WW1 and J.R.R.Tolkien

by , Wednesday March 25, 2015
WW1 and J.R.R.Tolkien

Learn from the best, how to write about War like Tolkien.

The battles, some of the characters, and some of the plot line were based on Tolkien's experience of World War One. When the war broke out in 1914 J.R.R Tolkien didn’t immediately enlist in the army instead he endured the public torment of not enlisting. He waited until 1915 after he had completed his degree in English Literature. *Stay in school kids!* Tolkien was trained with the 13th Reserve Battalion. He was a Second Lieutenant in the Lancashire Fusiliers. Some of his first ideas of the Lord of The Rings were thought of when he was in an English hospital suffering from trench fever.


When Frodo suffers from hallucinations and seizures from side affects from The Ring, much of Tolkien's inspiration could have come from the people who suffered from shell shock from the trenches. The despite the horrific mental effects of shell shock most men were sent back into war. Though he never meant to base directly base his writing on WWI his experiences meant that it unintentionally slipped into the writing, but there was one thing that he did base LoTR on. The Battle of Somme. Tolkien fought in the Battle for a short time. During the time he contracted Trench Foot and Stress. When he went down with Trench Fever and was out of the war permanently.


What works and What doesnt when writing about war.


You MUST research to get to know what you are writing about. If you don’t research it will not work. If you are writing about particular battles get the dates and as many details as possible correct. Even when inventing your own war and battles, reading about actual eye witness war reports will help build the war that you're trying to describe.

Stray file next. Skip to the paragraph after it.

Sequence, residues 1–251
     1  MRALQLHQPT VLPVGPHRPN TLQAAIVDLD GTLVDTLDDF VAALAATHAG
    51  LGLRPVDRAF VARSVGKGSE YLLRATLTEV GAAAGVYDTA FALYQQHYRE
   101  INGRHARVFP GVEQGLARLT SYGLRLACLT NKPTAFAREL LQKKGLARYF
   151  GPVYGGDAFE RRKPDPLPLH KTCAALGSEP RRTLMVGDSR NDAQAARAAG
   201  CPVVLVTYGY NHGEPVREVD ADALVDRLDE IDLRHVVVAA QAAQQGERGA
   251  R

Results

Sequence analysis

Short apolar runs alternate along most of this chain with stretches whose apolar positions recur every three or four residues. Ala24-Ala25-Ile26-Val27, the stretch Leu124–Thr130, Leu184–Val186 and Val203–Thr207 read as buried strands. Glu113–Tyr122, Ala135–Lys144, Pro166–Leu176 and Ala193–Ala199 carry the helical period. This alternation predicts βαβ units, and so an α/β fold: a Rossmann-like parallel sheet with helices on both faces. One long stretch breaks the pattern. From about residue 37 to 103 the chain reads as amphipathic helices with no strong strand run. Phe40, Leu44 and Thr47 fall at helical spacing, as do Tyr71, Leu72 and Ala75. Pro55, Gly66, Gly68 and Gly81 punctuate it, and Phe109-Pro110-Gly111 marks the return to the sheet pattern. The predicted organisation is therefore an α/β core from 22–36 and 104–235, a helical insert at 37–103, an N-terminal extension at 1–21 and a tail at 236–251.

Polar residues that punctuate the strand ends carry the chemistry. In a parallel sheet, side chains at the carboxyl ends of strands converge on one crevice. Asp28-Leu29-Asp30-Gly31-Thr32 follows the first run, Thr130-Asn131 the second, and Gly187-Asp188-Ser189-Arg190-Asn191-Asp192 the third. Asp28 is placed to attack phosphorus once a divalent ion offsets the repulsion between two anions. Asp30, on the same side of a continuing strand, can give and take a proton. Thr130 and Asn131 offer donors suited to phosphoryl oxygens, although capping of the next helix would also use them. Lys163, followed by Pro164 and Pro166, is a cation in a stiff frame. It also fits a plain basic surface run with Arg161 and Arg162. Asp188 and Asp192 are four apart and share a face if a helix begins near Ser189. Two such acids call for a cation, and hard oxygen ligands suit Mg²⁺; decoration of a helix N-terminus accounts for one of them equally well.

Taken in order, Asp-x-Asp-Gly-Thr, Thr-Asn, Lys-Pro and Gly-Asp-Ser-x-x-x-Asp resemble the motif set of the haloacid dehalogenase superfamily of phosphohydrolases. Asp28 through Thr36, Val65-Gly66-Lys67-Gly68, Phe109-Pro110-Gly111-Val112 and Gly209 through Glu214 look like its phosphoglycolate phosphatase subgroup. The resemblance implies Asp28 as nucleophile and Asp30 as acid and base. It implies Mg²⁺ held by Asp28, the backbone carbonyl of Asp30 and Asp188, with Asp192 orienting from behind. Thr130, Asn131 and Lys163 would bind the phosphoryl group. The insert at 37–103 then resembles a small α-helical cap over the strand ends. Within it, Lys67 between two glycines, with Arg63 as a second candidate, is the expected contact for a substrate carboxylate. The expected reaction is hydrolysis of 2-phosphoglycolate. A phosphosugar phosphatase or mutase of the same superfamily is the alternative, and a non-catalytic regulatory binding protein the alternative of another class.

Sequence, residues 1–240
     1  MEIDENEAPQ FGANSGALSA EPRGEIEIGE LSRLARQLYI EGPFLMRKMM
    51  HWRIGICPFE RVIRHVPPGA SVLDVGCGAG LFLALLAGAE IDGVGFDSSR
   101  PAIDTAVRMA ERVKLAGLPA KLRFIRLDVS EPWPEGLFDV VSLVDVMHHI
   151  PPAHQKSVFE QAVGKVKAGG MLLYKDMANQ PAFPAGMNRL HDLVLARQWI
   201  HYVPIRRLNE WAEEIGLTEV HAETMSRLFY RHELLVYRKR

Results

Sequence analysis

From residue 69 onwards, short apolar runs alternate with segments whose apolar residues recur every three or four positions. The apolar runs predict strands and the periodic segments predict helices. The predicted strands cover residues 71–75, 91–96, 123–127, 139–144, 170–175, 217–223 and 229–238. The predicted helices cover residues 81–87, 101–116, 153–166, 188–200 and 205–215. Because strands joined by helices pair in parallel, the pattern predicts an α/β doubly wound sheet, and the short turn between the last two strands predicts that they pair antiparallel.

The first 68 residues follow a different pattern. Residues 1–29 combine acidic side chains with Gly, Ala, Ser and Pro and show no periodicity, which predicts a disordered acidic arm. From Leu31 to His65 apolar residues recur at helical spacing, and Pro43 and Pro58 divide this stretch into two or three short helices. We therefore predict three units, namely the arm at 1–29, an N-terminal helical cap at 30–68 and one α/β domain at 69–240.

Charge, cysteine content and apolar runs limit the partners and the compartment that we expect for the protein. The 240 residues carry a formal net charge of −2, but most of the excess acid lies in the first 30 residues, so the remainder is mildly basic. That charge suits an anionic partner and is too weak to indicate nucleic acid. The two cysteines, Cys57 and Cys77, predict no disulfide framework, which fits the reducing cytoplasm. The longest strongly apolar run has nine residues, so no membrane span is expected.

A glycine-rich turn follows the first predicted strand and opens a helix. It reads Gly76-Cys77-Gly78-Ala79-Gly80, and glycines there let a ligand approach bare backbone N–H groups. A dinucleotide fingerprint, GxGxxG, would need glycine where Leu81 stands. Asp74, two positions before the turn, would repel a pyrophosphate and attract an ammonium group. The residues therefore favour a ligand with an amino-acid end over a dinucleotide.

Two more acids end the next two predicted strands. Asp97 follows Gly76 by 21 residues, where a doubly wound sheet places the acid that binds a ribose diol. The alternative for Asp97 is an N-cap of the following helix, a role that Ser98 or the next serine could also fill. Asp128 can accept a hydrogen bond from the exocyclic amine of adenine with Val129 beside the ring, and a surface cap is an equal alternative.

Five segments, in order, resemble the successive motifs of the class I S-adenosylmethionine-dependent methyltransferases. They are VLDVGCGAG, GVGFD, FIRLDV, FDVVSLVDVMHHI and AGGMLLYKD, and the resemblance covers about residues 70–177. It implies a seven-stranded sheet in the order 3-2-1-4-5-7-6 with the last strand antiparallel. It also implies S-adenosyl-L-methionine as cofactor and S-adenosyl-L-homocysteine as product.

Write from different perspectives. Write from the soldier’s point of view, or a family member of someone who went to war, maybe an evacuee from London during the Blitz in the Second World War. Don’t always write from the same perspective in each scene, it will widen the lense of the drama and allow your readers to see the whole of the battle and it's effects. 


Use all your senses when writing about War. Imagine what everything would smell, feel, taste and sound like on a battle field. Not just the blood or bodies, but the split earth, the moments of cold fresh air between the suffocating swirls of smoke from guns and fire. 


Contrasting light and dark can work brilliantly when writing about War. Writing from other perspectives or letting your characters remember happier times in the midst of war can help build the tension of the scenes. 


Zoom in and out. Move from the details to a birds eye view, embed smaller scenes into the larger over view of the battle or the war itself. 


THANKS FOR READING! @Annabeth Kenobi

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